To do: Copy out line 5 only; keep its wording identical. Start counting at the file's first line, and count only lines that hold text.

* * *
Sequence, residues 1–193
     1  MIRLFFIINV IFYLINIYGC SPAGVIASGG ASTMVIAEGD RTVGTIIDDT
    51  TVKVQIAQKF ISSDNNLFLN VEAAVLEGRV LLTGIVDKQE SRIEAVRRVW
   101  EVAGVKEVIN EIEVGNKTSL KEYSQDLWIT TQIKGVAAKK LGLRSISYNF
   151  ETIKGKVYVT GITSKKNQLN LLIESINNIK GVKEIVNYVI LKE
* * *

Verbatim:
   151  ETIKGKVYVT GITSKKNQLN LLIESINNIK GVKEIVNYVI LKE